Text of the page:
The staff report from the July 29, 2008 meeting read:
“The Panel concluded that the most serious consequence from postponing the project is the probability of losing the pending appropriative right to withdraw up to 46,100 acre-feet of water per year from the Sacramento River.”
They further argued:
“The Panel concluded that postponement of the project to a later date would likely result in the loss of upstream water currently available for purchase to supplement the amount of water needed during the summer months.”
This is true to some degree but it also somewhat misleading. At previous water workshops it became clear that winter water would almost always be available in some degree. However, during the summer months it becomes more problematic. The city would be allowed to extract water depending on the current water flow of the Sacramento River. As summer goes on, the amount of water to be extracted from the river will invariably go down. During dry years, the Sacramento River may not have enough water for extract at all. That would force the city to once again rely almost completely on ground water for its summer water supply–when water needs will be invariably higher.
In other words, when we need water the most, the water supply will be most problematic. And if that happens, will we even after these huge capital project expenditures, still remain out of compliance with discharge standards. These are serious questions that need to be asked and answered somehow.
If global warming reduces the amount of rainfall or even snowpack in the Sierras, the amount of runoff may be reduced into the Sacramento River. At the very least the water supply may fluctuate more widely meaning some years we have plenty of water and other years we do not.
That does not take into account the idea of holding our place in line. In theory, at present, the experts are correct about the line. But supposing reduced water in the future, where will that leave us and this line? Will communities such as Davis get nosed out by increasing needs by say Los Angeles in a future where there is less water? Climate change makes this a much more uncertain situation.
Have these tough questions been asked by the council sufficiently? Or are we potentially throwing a large amount of money down the drain for a solution that may not be here in the future?
Of course, the letter to the editor is not just about water, but about the council discussion as well. Councilmember Saylor refers the public to the streaming video and comments on council ground rules.
“The July 29 council discussion can be viewed on streaming video at the city of Davis Web site under ‘City Council’ video archives section (about three hours and 39 minutes into the meeting).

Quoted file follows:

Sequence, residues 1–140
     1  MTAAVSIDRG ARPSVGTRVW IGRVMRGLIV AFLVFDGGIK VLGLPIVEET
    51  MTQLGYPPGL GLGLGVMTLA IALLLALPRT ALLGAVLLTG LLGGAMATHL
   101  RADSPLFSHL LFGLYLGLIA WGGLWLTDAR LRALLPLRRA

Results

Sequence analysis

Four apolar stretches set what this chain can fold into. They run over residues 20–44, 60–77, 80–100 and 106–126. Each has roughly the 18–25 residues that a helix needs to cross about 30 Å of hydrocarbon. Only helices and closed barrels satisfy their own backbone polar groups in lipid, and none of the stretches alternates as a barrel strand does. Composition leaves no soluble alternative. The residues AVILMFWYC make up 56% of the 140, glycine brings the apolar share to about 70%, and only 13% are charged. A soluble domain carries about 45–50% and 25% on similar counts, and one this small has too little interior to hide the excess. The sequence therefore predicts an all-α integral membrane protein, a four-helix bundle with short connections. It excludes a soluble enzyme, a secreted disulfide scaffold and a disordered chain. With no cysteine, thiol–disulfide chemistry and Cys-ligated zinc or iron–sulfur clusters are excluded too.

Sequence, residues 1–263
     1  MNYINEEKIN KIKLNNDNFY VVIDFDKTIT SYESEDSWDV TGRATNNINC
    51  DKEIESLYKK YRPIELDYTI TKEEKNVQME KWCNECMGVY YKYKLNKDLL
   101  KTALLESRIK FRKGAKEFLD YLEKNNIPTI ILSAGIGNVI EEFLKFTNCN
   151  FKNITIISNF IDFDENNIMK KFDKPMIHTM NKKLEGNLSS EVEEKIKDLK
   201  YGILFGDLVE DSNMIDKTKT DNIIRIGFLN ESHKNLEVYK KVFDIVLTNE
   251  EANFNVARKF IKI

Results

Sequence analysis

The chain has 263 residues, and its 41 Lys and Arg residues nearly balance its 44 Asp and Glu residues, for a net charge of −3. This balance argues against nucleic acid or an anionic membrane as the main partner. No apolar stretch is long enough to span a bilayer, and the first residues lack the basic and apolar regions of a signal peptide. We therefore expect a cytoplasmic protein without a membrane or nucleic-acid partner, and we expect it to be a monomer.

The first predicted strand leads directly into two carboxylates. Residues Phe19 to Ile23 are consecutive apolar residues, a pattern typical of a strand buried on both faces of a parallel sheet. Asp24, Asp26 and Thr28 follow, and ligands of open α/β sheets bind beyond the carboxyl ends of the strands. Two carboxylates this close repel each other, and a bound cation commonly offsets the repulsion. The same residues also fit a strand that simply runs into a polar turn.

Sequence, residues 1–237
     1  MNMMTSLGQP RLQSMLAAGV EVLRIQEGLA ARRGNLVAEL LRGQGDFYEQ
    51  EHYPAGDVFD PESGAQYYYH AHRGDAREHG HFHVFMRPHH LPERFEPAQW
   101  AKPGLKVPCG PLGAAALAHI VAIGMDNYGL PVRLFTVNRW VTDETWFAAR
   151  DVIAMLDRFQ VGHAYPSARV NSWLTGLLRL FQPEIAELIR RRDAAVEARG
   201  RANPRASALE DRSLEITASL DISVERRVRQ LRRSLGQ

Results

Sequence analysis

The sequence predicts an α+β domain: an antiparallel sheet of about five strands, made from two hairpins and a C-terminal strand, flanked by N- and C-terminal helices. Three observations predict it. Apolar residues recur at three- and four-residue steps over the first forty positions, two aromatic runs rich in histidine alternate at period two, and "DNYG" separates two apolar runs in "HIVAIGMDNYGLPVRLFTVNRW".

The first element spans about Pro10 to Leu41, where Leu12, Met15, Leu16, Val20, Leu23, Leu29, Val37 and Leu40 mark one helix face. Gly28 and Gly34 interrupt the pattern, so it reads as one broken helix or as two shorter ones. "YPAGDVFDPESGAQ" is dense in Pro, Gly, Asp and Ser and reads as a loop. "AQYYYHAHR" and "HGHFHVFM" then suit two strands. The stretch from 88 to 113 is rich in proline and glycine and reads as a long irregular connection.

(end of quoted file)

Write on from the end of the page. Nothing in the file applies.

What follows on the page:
During that meeting, the mayor called a recess, acting under the provisions of the council ground rules. These ground rules govern your council’s proceedings and conduct. They can be found [here].”
I invite the public to once again view the Youtube video which contains the final three minutes of Councilmember Greenwald’s question-answer session with the water consultants, and then shows what transpired after the Mayor attempted to cut her off.
Unfortunately Mayor Pro Tem Don Saylor delivers for the public very little detail on the water project that will severely increase the monthly cost of water to ratepayers. There are a number of questions that I would like to see addressed.
I have no problem with holding one’s place in line at this point. I would however like to see each of the councilmembers aggressively but respectfully grill the consultants much as Councilmember Greenwald has. If the answer is at the end of the day, that we must go forward, I want it to be because we have no other choice rather than because we did not look into all the alternatives because the experts told us this was the only choice.
One point that needs to be explored is whether these consultants have industry ties. That was one of my problems with the original group of consultants–they seemed to have a financial stake in the city going forward with the process. Too often, the ties between consultant and industry are blurry at best. I think the city council, if they wish to be thorough and responsible, should encourage Sue Greenwald to put her consultants and experts forward and see if their advise is different, and if it is different, try to determine why and whether that advise might not be a better alternative. What does the council have to lose?
—Doug Paul Davis reporting